In a week where sadly, two young men have died in forestry workplace accidents in New Zealand, SafeTree have sent out a timely reminder and pointers on working in tough operating conditions brought on by inclement weather.

We’re getting close to the end of a long, hard winter – that’s left many forestry crews worn down and forestry sites sodden.

Tired workers and difficult conditions increase the risk of mistakes and injuries. So now would be a good time for crew owners, forest managers and forest owners to check in on how people are going.

Workers know better than anyone if there are emerging problems onsite. So,talking to them is an excellent way to catch problems before they turn into incidents.

Ask the crews working for you how they are coping with the conditions? Is anyone worn out, needing help? Is there a way to change the work to take account of the conditions? Are the work targets still realistic given the weather?

Talk about how fatigue and sodden sites can increasing forestry’s five critical risks – the things that most often lead to people getting killed or permanently injured:

1. Tree felling (including branches and spars from above)
2. Breaking out / extraction
3. Driving vehicles
4. Processing on the skid site
5. Maintenance problems.

Also ask if fatigue and poor conditions are affecting the crew’s ability to use the five critical defences know to prevent injuries:

1. Planning – for the block and for the day - resources and people
2. Communication – what’s the plan, does everyone know it, is it working, has anything changed
3. Separation – either distance (2 tree lengths, safe retreat), or time (not doing work activities at the same time)
4. Competency – people doing the work have the necessary training, skills and experience
5. Emergency response – there is a well-practised response if anyone does get hurt.

Source: SafeTree

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FEA purchases WOOD MARKETS

WOOD MARKETS this week announced that their company has been purchased by Forest Economic Advisors LLC (FEA) based in Massachusetts. The WOOD MARKETS team in Vancouver, BC will enhance FEA’s current products and services with more depth in terms of international supply trends and market dynamics and will provide more strategic analysis in global costs and trade flows.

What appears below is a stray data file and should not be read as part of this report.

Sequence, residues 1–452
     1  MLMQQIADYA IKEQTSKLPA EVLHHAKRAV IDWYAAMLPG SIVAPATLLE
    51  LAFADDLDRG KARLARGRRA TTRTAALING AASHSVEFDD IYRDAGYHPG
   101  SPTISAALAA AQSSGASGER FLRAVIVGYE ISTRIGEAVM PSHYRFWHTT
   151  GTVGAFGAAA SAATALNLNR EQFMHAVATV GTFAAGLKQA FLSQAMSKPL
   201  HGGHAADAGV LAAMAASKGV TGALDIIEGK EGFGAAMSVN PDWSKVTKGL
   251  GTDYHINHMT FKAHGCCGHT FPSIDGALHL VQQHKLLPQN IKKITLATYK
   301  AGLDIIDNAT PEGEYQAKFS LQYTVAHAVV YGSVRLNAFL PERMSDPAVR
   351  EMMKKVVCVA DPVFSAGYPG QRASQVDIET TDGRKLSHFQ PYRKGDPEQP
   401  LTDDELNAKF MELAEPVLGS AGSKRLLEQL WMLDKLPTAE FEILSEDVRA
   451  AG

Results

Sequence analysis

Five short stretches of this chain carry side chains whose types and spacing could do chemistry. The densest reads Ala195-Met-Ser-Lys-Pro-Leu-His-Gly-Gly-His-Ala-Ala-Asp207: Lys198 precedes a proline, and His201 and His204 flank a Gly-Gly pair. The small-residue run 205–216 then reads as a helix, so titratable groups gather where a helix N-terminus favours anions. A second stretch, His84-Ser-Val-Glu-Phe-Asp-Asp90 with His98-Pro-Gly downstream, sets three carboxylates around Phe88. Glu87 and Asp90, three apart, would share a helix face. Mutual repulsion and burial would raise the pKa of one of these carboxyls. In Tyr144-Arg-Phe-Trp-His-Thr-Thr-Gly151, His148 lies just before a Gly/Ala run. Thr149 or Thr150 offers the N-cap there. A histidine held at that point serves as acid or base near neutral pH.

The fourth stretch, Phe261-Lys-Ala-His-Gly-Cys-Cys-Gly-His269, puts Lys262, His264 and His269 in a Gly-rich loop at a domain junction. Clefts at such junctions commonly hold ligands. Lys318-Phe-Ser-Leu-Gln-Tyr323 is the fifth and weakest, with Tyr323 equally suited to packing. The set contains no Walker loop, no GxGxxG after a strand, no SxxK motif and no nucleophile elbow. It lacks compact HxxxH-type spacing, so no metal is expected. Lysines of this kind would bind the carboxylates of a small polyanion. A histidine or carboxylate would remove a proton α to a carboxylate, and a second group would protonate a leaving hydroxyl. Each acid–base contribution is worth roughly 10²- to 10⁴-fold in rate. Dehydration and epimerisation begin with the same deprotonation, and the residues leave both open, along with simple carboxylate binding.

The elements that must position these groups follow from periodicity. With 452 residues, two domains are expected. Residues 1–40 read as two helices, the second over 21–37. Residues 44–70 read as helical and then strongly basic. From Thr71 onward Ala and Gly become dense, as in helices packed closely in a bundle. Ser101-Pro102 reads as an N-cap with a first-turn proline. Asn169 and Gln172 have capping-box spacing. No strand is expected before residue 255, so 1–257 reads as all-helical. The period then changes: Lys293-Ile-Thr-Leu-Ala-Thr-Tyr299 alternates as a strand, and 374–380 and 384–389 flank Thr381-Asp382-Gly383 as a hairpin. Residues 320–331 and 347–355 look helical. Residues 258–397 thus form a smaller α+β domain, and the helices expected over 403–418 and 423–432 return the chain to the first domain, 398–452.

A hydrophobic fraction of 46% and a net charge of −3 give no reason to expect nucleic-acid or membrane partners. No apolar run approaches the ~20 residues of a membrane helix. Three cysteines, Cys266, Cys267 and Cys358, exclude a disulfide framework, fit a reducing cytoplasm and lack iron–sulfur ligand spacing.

In return, the FEA team will provide WOOD MARKETS with improved access to many economic and industry details as well as the timberland business. Collectively, the new enterprise of FEA in conjunction with WOOD MARKETS will offer its clients enhanced insights into better understanding what the emerging demand, supply and price trends might be in North America and global markets for a variety of wood products and timber.

Russ Taylor, formerly the President of the International Wood Markets Group, has assumed the role of Managing Director of FEA-Canada. Russ and his team will continue to spearhead the production of WOOD MARKETS’ key publications and Russ will remain available to lead independent research projects. Read more.


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Visy launched AU$100M expansion at Tumut

Malcolm Turnbull flew to regional Australia this week for an investment launch with billionaire Anthony Pratt, as the government tries to assure voters it is acting on jobs and the economy, despite a storm over the dual citizenship of three ministers. The Prime Minister was on hand for the announcement of a AU$100 million expansion at Mr Pratt’s flagship paper mill at Tumut in southern NSW — a project that has boosted jobs and proven the benefits of clean energy as a way to cut business costs.

Mr Pratt’s Visy Industries has poured AU$500m into clean energy projects over the past six years, including a 30 megawatt plant at the Tumut mill where it produces electricity from the heat generated from waste. He is vowing to scale up the use of clean energy, signalling an Australian push to match his $US1 billion commitment in the US to expand paper recycling and the generation of renewable energy from waste. The Tumut mill employs about 300 people and is being expanded to produce 800,000 tonnes of paper a year, using plantation wood from the region and exporting products to more than 50 countries.